As we have already mentioned in a previous article on this blog,
we regularly taste a sample from each barrique to check the integrity of the barrel and to prevent any problems that might occur during the maturation in oak.
Obviously, this is also a good way to understand the status of the wines that have not yet been bottled but that have already matured for one or two years in the cellar.
Therefore, I want to tell you about my impressions regarding the wines for the 2019 and 2020 vintages that we will bottle next.
Many of you already know from the Chianti Classico entry-level (also called Chianti Classico Annata) that this was a great vintage which was released last year.
I will not repeat the information about 2019 weather conditions (which we already mentioned here), but I can say that both the Riserva and the Gran Selezione are two exceptional wines in line with other 5-star vintages.
The Riserva 2019 is the first version of this wine where it has matured for one year in oak and one year in a ceramic vessel. The new material for maturation in the second year has given expected results by maintaining the freshness of the fruit and the dynamic taste. The Chianti Classico Riserva 2019 will be bottled in 2022 and it will be available to purchase from September onwards.
It is difficult to find the right words to describe the Gran Selezione 2019. It is a wine with a powerful structure, large in the mouth, fresh on the palate, and with a long aftertaste. We are very satisfied with the choice we made earlier in 2018 to define the final “recipe” for this wine (I explained this here).
We will need to wait a little longer for this wine, because even though it will also be bottled in June 2022, it will not be released before March 2024 to let it settle the appropriate amount of time in the bottle.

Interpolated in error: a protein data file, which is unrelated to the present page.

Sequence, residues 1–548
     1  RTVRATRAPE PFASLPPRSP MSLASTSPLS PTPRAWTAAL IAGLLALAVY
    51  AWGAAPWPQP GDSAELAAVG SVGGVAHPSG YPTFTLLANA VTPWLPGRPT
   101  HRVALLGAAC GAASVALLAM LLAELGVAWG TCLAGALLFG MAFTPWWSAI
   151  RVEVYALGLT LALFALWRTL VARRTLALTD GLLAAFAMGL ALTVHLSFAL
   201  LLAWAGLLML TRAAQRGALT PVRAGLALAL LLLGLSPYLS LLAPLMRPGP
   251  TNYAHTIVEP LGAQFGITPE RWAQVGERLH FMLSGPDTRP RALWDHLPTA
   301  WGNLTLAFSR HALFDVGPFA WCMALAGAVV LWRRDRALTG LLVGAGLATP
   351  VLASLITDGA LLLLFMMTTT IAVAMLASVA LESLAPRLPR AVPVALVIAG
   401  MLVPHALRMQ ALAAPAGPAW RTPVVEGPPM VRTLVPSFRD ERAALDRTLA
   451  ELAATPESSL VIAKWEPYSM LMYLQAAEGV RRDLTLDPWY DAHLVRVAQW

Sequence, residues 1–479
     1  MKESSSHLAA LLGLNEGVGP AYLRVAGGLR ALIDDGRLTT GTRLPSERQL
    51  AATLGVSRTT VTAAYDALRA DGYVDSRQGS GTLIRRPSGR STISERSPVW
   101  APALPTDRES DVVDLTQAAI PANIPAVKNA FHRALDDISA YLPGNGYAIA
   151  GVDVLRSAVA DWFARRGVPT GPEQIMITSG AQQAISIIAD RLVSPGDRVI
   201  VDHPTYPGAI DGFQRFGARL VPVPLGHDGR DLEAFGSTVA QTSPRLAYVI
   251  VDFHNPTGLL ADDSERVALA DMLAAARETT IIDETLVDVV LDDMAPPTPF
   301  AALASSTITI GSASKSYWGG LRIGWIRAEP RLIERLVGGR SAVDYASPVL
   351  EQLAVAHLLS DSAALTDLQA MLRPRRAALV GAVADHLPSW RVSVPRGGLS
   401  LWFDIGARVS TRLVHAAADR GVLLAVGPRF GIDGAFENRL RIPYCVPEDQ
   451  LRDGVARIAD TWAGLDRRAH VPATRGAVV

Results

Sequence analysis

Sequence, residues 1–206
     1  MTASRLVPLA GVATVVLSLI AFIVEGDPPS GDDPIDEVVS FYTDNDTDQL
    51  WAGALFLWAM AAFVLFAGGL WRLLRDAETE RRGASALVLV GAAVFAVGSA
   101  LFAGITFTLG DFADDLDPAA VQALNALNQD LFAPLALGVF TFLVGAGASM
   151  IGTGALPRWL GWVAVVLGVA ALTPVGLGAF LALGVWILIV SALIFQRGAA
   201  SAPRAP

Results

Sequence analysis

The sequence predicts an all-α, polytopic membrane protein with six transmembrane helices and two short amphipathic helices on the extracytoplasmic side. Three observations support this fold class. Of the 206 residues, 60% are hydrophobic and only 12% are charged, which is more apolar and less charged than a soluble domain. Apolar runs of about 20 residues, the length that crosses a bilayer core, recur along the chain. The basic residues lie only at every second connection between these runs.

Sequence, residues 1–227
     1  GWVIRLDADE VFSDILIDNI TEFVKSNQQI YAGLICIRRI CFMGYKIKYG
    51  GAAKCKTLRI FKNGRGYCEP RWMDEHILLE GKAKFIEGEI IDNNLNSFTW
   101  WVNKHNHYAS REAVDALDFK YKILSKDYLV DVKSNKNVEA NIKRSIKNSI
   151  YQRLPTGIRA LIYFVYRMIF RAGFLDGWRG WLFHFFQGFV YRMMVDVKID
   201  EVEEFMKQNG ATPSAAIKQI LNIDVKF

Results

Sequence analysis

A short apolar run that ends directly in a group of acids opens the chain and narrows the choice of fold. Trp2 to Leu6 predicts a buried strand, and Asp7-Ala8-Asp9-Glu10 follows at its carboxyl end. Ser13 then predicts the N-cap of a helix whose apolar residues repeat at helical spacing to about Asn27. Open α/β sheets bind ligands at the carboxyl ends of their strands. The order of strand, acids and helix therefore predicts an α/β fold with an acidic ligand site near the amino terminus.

The Monteficalle IGT 2019 is already set to be bottled while I am writing this article, therefore, I will leave it up to you to ponder on it. I recommend you wait a couple of weeks before you taste it, however.
When talking about 2020, it is impossible to not think about the beginning of the pandemic, which was a difficult year for mankind but still quite generous in viticulture.
Although we were perilously close to being affected by the spring frost, the summer of 2020 was sunny and warm without any water stress thanks to the rain in June and September. The harvest of Sangiovese started on 21 September in anticipation of the bad weather that was expected at the end of the month.
Between the three categories of Chianti Classico, the entry-level is surely the one I am most happy with so far. While tasting the first samples, I had to check the label twice as it seemed to me that I was tasting the Riserva, when it was actually the Annata.
The Gran Selezione is still young; it needs to mature in the barrel for another year yet but you can feel that the material is there and is of premium class. It was just in 2020 that we started to produce a bit more Gran Selezione: three barriques instead of two. Next summer, we will thus bottle approximately 900 bottles instead of 600.
If we want to be nitpicking, it is the Riserva among the three Chianti Classico categories that has suffered a bit from an otherwise very generous year. In fact, the fermentation stretched out for a longer period than expected after the harvest due to the yeast that could not manage to turn around the last grams of sugar. This resulted in a small imperfection in the aromatic richness, especially in the aftertaste. However, we need to take into account that the wine we tasted today still needs to be tamed, and half of the Riserva 2020 will now be transferred to the ceramic vessels for one year. The other half will continue to mature in wood before it will be bottled in June 2023.
Also, the Monteficalle IGT 2020 has an opulent character in this vintage. It is very fruit-forward on the nose, both with red and dark fruit. The wine is a bit closed right now and will surely benefit from maturing in wood for another year.
The development of the last vintages
Earlier, I described 2018 and 2019 as two excellent vintages in a row, perhaps we can now add a third vintage with 2020?
If we think about the entry-level Chianti Classico, definitely yes, and let’s see if the other categories will confirm their high level after another year of maturation in the cellar, as well.